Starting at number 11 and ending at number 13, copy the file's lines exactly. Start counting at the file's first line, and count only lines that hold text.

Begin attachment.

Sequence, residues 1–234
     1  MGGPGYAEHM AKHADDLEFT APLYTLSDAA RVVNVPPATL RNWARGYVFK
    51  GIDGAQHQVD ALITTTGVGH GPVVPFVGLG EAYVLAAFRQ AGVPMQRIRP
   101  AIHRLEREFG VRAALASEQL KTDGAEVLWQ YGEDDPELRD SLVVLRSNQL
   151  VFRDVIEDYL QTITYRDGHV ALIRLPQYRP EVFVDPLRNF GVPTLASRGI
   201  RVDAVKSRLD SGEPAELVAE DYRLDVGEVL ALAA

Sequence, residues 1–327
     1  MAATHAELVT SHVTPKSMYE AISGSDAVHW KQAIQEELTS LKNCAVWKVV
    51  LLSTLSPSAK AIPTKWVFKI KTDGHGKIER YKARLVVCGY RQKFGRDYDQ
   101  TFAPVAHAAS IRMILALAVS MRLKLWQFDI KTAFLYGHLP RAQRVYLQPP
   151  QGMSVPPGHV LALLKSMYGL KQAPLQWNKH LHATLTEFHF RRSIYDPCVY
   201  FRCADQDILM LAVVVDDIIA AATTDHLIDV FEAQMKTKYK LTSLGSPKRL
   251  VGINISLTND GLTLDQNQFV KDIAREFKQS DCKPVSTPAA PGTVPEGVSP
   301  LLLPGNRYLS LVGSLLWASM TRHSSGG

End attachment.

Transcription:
   151  QGMSVPPGHV LALLKSMYGL KQAPLQWNKH LHATLTEFHF RRSIYDPCVY
   201  FRCADQDILM LAVVVDDIIA AATTDHLIDV FEAQMKTKYK LTSLGSPKRL
   251  VGINISLTND GLTLDQNQFV KDIAREFKQS DCKPVSTPAA PGTVPEGVSP